Over the weekend I went and saw the Ides of March, primarily because Ryan Gosling was in it. The story intrigued me too of course, otherwise I wouldn’t have spent the outrageous amount of cash that movie theaters ask for. The move is highly cerebral and not very reliant on anything superfluous (like Gosling’s abs, or a big explosion, or Clooney’s abs, or a high speed car chase or Gosling’s abs), there isn’t even much of a soundtrack. So if you go to the movies for silliness, ass-kicking, sex (there is some but not a lot), abs, a great soundtrack or a chance to relax your mind from any thinking (which is NEVER a bad thing, I often go to the movies for that myself), I’d wait for Breaking Dawn (Part 1). This is not a recap so don’t worry, I’m not going to tell you exactly what happened or how the story ended. There are no spoiler alerts in this post.
In Ides of March, Ryan Gosling plays Stephen Myers, an apparently brilliant assistant to the campaign manager (or co-campaign manager…I’m not sure), Paul played by Phillip Seymour Hoffman, who naively believes in the integrity of the candidate he supports. The movie script does everything it can to make a mockery of his naivete and idealism, eventually breaking him down. He takes a meeting for a job offer that comes back to haunt him. He begins sleeping with the intern, which comes back to bite him in the ass. And his solemn and unbending belief in the candidate gets shattered, until it becomes more about the job than the candidate himself. This movie is about creating lines in the sand, only to cross them two seconds later.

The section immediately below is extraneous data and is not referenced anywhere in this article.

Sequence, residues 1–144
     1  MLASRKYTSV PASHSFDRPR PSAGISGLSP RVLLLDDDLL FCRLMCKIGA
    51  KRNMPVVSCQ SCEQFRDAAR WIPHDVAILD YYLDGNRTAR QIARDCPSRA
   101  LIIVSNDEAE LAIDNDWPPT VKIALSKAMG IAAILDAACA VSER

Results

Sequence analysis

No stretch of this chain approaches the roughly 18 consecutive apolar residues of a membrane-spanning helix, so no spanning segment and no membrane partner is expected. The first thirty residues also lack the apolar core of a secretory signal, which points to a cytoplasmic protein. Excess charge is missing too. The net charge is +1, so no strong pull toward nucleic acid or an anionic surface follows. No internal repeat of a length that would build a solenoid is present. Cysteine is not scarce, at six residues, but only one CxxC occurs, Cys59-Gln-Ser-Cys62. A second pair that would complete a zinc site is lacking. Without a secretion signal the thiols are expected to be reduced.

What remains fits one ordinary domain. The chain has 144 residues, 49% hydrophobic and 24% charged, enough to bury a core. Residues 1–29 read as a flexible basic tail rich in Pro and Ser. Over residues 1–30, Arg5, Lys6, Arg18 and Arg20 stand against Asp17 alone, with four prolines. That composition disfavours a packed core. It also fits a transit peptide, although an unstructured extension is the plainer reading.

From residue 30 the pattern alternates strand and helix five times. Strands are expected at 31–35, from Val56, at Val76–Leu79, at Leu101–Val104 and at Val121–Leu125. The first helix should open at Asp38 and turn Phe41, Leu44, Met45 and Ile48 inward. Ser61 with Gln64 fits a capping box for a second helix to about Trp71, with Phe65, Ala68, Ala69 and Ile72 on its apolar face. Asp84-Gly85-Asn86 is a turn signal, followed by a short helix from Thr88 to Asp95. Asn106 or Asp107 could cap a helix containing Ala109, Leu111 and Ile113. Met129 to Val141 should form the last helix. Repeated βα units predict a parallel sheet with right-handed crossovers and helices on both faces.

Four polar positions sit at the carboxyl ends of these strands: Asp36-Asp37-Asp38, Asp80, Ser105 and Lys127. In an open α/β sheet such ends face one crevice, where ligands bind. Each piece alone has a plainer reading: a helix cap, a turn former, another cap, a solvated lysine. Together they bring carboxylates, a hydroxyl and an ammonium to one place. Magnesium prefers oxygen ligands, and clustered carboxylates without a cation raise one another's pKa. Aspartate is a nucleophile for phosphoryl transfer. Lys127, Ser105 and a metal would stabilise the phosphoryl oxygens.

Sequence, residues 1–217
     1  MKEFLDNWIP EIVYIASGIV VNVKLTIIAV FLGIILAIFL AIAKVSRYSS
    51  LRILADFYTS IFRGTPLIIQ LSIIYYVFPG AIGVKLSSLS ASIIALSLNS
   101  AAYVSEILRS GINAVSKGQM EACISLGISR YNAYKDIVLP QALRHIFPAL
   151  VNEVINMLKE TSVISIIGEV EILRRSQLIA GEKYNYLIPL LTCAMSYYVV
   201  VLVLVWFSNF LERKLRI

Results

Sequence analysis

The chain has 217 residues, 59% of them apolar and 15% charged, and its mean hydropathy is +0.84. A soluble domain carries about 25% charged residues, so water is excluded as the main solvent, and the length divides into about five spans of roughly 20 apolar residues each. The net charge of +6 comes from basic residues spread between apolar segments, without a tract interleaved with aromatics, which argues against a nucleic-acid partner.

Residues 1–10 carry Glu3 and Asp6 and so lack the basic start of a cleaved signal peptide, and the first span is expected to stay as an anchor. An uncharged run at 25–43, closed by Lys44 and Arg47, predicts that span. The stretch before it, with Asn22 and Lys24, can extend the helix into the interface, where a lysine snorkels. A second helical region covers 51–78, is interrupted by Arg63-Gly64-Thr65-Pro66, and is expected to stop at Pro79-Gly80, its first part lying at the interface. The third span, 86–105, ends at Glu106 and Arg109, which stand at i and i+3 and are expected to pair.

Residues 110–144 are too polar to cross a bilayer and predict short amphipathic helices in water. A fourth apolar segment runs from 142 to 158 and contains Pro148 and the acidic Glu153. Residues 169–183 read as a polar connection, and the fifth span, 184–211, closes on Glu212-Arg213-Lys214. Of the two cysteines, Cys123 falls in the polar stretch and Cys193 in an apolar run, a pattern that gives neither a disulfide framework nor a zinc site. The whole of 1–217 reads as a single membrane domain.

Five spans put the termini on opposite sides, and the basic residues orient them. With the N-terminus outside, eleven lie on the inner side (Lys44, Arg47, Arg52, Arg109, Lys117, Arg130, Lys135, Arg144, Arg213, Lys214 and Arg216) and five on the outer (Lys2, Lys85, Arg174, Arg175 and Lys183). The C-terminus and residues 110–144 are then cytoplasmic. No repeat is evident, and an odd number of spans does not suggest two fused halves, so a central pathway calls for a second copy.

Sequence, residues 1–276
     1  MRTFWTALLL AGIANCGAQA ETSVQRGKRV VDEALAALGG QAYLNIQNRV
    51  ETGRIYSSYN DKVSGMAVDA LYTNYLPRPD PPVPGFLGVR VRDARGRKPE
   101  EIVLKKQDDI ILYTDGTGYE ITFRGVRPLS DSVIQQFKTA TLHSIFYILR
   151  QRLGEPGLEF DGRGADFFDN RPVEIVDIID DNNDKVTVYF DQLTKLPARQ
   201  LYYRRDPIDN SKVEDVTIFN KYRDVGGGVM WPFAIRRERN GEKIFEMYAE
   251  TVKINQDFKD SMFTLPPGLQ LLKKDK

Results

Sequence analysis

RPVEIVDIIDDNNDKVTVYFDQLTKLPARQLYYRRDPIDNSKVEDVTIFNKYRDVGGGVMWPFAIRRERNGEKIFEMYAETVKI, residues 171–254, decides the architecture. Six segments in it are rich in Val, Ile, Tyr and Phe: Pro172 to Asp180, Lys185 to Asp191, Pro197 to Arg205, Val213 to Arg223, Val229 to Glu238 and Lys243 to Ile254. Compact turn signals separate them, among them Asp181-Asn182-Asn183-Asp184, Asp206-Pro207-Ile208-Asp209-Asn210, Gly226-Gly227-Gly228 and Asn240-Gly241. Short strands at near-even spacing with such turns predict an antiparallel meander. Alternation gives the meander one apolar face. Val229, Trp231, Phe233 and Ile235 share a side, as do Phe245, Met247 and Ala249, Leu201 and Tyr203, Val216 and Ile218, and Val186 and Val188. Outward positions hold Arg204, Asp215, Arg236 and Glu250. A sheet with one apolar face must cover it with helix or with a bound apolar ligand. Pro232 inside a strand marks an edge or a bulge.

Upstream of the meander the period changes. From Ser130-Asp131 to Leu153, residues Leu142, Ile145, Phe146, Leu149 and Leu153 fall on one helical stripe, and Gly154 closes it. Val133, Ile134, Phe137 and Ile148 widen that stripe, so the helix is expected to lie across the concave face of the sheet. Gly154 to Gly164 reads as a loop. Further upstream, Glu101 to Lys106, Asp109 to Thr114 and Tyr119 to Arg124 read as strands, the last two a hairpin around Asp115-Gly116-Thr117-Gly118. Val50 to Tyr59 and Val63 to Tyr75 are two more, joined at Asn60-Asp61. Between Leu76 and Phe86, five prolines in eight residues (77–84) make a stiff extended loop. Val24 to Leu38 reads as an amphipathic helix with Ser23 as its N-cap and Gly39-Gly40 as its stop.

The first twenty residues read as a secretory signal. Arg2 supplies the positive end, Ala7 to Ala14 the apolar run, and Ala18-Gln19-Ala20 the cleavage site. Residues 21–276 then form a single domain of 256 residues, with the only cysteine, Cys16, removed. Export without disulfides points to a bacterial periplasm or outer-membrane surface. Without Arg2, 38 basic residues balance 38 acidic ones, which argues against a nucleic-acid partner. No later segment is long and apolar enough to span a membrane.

The actors are powerhouses, all of them holding your attention expertly, but they can’t fully make up for the problems. The major one for me is that there are only one and a half sympathetic characters. The rest, though played interestingly by their respected and talented actors, move the plot forward and agitate those we can sympathize with, but don’t make me feel much for them. It also feels at times as though George Clooney is trying to preach to moviegoers about what they should believe in and what kind of candidate they should be voting for. When I left the theater I kind of felt like George Clooney was running for president, though I wasn’t sure I’d vote for him…good looks only get you so far. It’s almost a disappointment that the movie had well chosen actors whom amounted to an incredible cast, but a story and a direction that couldn’t keep up. Or maybe it all went over my head, except for the part about Ryan Gosling being awesome, that I definitely didn’t miss.